Nearing the finish, Hesjedal was leading it out beautifully, and Hushovd launched, taking his 2nd impressive win of the Tour!
Look at Contador’s face!
The battle for yellow was raging behind, and Evans had created a little gap of about 100 meters or so and was holding it over the yellow jersey group. Voeckler made a dig but it didn’t really go anywhere, but it showed the man from the Alsace region’s grit once again. But it hurt him, and as Contador and Sanchez went past, Voeckler started slipping back….clearly suffering from his effort.
At 2km to go Evans was away. Contador and Sanchez pushed hard, with Voeckler dangling in front of the chasing Schlecks that had Gilbert with them and a select few others.
Both Cadel Evans and Sammy Sanchez were a match for Contador’s repeated accelerations.
Evans crossed the line, his face twisted in his trademark way, earning precious seconds over the other GC rivals. The two spaniards rolled in after about 5 seconds back. Voeckler cracked and ceded a few seconds, but Andy Schleck’s body did not respond well to the rest day and lost almost another minute today.
Cadel Evans rode a perfect descent and held his gap to the line to take time out of every GC contender in the race.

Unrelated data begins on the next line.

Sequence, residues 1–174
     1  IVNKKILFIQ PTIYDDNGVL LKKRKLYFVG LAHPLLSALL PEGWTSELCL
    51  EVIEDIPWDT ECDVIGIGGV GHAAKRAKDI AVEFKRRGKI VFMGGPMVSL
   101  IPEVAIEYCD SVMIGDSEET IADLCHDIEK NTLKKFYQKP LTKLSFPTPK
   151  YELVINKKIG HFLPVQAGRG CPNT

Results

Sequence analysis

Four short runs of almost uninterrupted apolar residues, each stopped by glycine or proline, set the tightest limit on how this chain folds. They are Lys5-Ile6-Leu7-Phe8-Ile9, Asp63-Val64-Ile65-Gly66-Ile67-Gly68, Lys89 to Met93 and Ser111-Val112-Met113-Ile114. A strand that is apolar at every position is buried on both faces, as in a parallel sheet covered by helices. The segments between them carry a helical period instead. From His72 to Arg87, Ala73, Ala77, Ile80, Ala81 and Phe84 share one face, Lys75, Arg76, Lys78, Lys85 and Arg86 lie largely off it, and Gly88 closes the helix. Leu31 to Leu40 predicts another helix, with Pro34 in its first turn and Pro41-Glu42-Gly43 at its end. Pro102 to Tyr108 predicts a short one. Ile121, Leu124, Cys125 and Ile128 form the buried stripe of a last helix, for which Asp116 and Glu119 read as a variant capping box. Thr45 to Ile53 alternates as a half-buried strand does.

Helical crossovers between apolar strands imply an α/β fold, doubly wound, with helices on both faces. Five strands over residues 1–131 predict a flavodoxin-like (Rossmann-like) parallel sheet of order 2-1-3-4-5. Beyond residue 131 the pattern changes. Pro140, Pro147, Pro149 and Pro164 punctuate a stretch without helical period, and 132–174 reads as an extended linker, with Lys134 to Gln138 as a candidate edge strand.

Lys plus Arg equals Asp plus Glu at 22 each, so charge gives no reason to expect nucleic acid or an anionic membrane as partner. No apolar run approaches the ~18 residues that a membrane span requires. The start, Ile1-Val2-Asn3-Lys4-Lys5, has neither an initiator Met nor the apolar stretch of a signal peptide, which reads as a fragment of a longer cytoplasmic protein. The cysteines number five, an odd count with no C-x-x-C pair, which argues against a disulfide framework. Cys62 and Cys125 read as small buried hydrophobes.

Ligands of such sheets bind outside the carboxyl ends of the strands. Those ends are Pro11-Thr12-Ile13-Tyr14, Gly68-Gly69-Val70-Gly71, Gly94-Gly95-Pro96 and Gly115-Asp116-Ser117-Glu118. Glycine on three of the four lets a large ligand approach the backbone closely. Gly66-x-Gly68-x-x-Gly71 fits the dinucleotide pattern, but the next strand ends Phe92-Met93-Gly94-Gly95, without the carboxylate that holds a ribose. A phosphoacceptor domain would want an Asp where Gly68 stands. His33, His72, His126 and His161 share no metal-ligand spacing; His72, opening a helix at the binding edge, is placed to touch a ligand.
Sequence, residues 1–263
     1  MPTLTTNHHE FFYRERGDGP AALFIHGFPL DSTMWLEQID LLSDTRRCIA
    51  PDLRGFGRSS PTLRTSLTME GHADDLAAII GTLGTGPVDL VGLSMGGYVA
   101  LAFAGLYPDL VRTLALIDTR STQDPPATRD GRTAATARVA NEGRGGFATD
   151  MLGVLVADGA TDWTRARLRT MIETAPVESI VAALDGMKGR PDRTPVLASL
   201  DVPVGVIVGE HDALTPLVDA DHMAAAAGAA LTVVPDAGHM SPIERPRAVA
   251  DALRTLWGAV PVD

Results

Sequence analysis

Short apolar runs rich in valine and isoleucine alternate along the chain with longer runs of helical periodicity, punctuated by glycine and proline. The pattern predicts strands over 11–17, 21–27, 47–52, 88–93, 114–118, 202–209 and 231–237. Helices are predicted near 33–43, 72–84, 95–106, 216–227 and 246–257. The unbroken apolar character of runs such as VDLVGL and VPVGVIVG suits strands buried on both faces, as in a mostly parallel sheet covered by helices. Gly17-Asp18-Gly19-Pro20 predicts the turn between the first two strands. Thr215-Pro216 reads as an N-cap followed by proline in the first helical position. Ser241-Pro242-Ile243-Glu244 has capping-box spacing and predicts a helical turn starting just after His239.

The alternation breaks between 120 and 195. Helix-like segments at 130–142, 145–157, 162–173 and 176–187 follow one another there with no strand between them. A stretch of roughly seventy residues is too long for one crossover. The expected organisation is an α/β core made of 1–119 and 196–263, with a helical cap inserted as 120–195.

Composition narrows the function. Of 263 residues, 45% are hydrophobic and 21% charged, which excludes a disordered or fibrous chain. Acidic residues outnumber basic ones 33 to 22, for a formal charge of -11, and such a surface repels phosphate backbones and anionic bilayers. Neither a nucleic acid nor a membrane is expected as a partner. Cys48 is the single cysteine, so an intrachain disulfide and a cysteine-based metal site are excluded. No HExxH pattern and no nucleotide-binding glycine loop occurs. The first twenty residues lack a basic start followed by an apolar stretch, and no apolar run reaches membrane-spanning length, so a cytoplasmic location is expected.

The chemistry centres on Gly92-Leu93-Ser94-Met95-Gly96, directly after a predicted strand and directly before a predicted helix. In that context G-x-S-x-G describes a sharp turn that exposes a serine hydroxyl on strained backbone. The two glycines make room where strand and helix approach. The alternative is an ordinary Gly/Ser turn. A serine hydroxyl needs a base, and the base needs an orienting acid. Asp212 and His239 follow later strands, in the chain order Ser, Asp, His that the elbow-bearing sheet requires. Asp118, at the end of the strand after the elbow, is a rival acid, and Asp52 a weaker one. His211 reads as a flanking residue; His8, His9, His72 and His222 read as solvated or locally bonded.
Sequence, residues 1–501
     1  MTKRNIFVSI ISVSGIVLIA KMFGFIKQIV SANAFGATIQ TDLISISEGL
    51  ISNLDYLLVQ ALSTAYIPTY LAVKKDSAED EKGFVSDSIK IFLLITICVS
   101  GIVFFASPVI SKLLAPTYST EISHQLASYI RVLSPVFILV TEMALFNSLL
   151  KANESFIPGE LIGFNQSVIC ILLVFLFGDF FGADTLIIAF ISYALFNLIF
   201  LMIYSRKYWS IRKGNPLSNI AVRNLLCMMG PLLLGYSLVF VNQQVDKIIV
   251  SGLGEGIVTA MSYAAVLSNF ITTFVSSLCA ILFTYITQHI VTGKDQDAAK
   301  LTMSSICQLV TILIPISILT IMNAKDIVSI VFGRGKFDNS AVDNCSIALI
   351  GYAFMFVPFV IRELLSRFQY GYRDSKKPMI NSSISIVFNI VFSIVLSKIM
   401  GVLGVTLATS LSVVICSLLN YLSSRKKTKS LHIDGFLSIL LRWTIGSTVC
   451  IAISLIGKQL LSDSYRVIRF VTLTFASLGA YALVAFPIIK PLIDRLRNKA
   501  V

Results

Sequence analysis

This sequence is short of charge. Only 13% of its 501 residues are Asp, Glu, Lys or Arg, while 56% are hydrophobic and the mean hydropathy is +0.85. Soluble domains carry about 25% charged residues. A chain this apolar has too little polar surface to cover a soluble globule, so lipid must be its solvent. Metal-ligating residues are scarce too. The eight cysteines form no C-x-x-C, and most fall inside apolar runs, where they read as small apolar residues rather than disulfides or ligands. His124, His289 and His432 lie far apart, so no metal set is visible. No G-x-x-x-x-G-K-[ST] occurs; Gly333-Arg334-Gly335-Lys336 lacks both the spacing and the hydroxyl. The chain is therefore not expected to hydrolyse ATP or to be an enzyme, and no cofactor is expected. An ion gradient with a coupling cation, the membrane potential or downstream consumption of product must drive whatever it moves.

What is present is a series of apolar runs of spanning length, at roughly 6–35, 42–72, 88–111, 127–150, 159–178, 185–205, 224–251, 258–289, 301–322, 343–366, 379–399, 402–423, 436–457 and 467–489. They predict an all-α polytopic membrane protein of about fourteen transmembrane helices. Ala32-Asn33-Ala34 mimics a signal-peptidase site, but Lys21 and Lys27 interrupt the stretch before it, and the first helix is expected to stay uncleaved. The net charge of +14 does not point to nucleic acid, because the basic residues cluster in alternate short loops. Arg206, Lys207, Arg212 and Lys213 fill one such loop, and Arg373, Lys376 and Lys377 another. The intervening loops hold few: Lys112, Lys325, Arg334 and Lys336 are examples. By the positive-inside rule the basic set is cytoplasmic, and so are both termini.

It looks like Alberto Contador has returned. The Alps await.
The stage is set for some serious battles to come. Contador must continue to attack, Evans can now look to put his chips in the TT corner, and the Schlecks have no choice but to race aggressively if they hope to win the podium, much less get on the podium.
Voeckler lost a few valuable seconds today, but he came out a lot better than the likes of A Schleck and Ivan Basso.
Stay tuned to Pez for the best Tour coverage out there!
Stage 16 Results
1 Thor Hushovd (Nor) Team Garmin-Cervelo 3:31:38
2 Edvald Boasson Hagen (Nor) Sky Procycling
3 Ryder Hesjedal (Can) Team Garmin-Cervelo 0:00:02
4 Tony Martin (Ger) HTC-Highroad 0:00:38
5 Mikhail Ignatyev (Rus) Katusha Team 0:00:52
6 Alan Perez Lezaun (Spa) Euskaltel-Euskadi 0:01:25
7 Jйrйmy Roy (Fra) FDJ
8 Marco Marcato (Ita) Vacansoleil-DCM Pro Cycling Team 0:01:55
9 Dries Devenyns (Bel) Quickstep Cycling Team
10 Andriy Grivko (Ukr) Pro Team Astana 0:01:58
11 Cadel Evans (Aus) BMC Racing Team 0:04:23
12 Alberto Contador Velasco (Spa) Saxo Bank Sungard 0:04:26
13 Samuel Sanchez Gonzalez (Spa) Euskaltel-Euskadi
14 Jose Joaquin Rojas Gil (Spa) Movistar Team 0:04:44
General Classification After 16 Stages
1 Thomas Voeckler (Fra) Team Europcar 69:00:56
2 Cadel Evans (Aus) BMC Racing Team 0:01:45
3 Frдnk Schleck (Lux) Leopard Trek 0:01:49
4 Andy Schleck (Lux) Leopard Trek 0:03:03
5 Samuel Sanchez Gonzalez (Spa) Euskaltel-Euskadi 0:03:26
6 Alberto Contador Velasco (Spa) Saxo Bank Sungard 0:03:42
7 Ivan Basso (Ita) Liquigas-Cannondale 0:03:49
8 Damiano Cunego (Ita) Lampre – ISD 0:04:01
9 Thomas Danielson (USA) Team Garmin-Cervelo 0:06:04
10 Rigoberto Uran Uran (Col) Sky Procycling 0:07:55